ABC’s of SPD: B is for Balance

I’m posting my Blogging through the Alphabet late this week. In case you’re just joining me, I will be Blogging through the Alphabet with Ben and Me and many other bloggers who are offering a wide variety of topics. I will share a new topic related to Sensory Processing Disorder each week as we blog through the alphabet.

B is for balance

ABC's of SPD - SPD and Balance

The word “Balance” can mean a few different things when talking about SPD – balancing time, physical balance and emotional balance. SPD and Balance is a tricky task! I’m going to talk about all of them!

Balancing Time

Balancing Time when you have SPD or have children with SPD can be challenging. We have to balance our time wisely, but the truth of it is, it can be unpredictable. I make sure I have a specific amount of time for homeschooling, housework, devotions, church, recreation and my blogs and freelance jobs. When they start therapy again, I will have to balance that as well! More often than not, though, something during the day is going to knock it out of balance.

Why can’t we follow a perfect schedule? It’s what most people with SPD prefer. While it is important to have a schedule it’s unrealistic to expect every day will go exactly as planned. I may have a perfectly balanced schedule that would allow me to get everything done on my list and one of the kids may need extra attention and *only* wants mom, we can’t go somewhere because somebody is having a hard day, or our homeschool day takes longer than planned because one of the kids is having a high sensory day and is having a hard time. I go into sensory overload from being out where there are a lot of people and don’t feel like sitting down to do my work that I so carefully balanced with everything else for the day.

Despite a balanced schedule, there will always be uncertainty. It’s part of our life, and while we try to balance the best that we can, we often have to roll with the punches. What is most important is to keep our priorities straight. We may have a day where our SPD or our childrens’ SPD weighs down one side of the scale and there is hardly time left for work. Remembering our priorities (and plenty of prayer) can help us feel at peace.

Physical Balance

Many people with SPD have a poor sense of balance. In fact, we just look clumsy most of the time. This can be due to Hypersensitivity to Movement or Poor Muscle Tone and/or Coordination. It could be a combination of both as well!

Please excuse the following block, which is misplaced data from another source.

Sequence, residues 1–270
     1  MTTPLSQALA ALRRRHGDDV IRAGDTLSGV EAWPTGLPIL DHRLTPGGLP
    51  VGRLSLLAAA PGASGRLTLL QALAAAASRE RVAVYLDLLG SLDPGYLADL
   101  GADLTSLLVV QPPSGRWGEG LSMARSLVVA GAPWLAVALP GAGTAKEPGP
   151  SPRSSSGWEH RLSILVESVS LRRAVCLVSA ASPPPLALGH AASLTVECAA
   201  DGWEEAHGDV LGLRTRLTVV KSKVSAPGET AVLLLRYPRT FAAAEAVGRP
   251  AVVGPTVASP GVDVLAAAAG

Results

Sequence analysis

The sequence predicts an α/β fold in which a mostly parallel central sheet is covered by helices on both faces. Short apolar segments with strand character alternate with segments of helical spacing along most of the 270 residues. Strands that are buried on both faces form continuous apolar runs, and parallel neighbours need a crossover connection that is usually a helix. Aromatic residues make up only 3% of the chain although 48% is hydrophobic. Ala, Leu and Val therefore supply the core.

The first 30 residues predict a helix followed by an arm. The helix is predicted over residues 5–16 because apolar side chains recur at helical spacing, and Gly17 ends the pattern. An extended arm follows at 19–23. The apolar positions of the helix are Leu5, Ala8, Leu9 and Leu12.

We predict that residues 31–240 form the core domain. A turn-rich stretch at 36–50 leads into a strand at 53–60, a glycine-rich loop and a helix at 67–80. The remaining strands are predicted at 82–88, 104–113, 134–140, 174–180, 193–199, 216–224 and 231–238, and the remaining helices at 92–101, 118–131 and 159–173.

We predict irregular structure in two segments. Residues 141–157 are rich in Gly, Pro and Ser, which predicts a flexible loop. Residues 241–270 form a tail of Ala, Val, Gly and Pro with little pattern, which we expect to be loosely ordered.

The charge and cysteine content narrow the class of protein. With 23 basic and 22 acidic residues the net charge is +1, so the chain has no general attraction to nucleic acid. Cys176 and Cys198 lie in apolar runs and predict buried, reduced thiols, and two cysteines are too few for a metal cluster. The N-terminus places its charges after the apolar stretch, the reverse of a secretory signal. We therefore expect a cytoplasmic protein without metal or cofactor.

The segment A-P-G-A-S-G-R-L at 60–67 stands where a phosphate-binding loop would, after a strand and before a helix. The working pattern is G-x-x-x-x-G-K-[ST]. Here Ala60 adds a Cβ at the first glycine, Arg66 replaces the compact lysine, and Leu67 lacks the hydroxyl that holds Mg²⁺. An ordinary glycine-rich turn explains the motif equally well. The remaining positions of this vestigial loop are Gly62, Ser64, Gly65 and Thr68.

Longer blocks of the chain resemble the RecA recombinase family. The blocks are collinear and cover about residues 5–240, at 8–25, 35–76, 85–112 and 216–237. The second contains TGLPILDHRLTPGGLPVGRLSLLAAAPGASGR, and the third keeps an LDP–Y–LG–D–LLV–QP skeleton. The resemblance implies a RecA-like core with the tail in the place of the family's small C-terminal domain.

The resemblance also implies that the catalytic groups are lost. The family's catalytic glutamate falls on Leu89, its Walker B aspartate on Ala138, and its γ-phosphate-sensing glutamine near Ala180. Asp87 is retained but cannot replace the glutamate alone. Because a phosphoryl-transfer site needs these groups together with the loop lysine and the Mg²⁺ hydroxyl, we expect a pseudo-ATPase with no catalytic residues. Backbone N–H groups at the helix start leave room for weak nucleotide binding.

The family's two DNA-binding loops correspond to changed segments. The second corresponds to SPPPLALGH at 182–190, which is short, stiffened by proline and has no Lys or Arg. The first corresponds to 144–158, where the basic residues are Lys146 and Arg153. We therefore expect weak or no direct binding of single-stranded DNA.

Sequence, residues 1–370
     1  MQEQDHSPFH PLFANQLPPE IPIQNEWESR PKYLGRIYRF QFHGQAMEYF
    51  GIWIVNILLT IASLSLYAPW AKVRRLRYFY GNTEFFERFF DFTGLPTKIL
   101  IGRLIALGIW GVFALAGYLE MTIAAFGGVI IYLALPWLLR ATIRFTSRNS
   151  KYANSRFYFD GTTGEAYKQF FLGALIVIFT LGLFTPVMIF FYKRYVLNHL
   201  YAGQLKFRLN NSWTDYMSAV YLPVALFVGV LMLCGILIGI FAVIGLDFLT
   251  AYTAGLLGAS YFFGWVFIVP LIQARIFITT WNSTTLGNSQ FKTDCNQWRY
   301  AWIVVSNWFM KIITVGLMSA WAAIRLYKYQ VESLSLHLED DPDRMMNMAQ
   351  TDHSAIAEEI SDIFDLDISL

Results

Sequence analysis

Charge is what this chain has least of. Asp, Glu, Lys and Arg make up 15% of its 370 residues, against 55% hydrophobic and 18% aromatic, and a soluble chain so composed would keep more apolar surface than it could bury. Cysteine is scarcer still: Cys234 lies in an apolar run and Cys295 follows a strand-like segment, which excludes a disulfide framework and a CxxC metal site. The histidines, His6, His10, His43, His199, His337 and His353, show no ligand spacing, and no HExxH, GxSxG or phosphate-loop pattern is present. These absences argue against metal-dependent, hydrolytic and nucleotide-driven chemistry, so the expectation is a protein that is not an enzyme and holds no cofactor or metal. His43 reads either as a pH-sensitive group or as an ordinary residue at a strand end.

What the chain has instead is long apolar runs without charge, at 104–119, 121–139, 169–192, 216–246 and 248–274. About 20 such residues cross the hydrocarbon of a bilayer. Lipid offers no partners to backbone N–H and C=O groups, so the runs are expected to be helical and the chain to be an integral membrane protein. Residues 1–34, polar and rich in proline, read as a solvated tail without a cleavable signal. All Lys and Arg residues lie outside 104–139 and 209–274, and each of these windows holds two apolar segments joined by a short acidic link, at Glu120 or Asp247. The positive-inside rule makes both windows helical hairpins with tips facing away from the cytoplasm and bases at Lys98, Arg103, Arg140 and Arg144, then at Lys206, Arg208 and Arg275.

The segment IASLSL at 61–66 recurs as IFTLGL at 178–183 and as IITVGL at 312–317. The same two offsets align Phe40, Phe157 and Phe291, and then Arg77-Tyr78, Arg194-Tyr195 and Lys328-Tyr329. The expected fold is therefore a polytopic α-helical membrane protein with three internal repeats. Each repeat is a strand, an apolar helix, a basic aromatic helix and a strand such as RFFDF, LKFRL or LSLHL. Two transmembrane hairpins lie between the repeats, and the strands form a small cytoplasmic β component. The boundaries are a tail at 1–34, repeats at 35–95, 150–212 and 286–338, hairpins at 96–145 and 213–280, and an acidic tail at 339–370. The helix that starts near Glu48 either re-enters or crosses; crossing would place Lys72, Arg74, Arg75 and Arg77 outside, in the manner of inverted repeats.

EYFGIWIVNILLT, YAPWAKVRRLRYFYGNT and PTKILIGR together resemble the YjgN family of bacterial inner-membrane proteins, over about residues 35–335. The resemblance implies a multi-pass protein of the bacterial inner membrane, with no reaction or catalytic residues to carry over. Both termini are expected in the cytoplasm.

Hypersensitivity to Movement means we jump or flinch at the slightest movement – particularly when it’s not expected. We often physically feel “off kilter.” As someone with SPD I am often noted to be clumsy, easily “spooked” if touched from behind, and even feel a little dizzy if I use an escalator or elevator. I also have a fear of falling even when it doesn’t make sense to anybody else.

All three of our children have Poor Muscle Tone and/or Coordination. Balancing is very difficult for them. Our oldest, in particular, has a very weak “core.” At 8 years old he is still unable to ride a bike because even with training wheels he tips it over from his weight leaning too far to one side. As part of occupational therapy we do at home we work on improving the core muscles in hopes of helping them gain better control.

Emotional Balance

Emotional balance is almost a rarity for those that have SPD. In fact, many people with SPD feel emotions very deeply. One thing our youngest two children and I have in common is that we are very emotional. Our empathy is extreme, and sometimes our emotions change based on what others are feeling. Of course, we’re also prone to feeling overwhelmed particularly in high sensory situations. As an adult, I can better control my emotions. I recognize when I’m starting to get overwhelmed and try to calm myself. Even I, though, can get irritable, frustrated or exhausted quickly.

Imagine as an adult feeling that, how much harder it is for children! Children with SPD will often cry easily, have meltdowns, get easily frustrated and change moods quickly. As they get older (and with the right help) they, too, will learn to better control their emotions. We often practice deep breathing and make sure each child has their comfort object.

I hope this provided a little more insight into SPD, and I can’t wait to continue this series and have you walk through this journey with me! Don’t forget to check out the other bloggers as well who have linked up to Blogging through the Alphabet! There are a wide variety of topics from completely random to very specific.

Ben and Me

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  1. I know several people with SPD and recognized these things in them when you talked about it. Thank you for the information and the sensitive way you are discussing it. When we are armed with knowledge we are so better able to help others and understand them.
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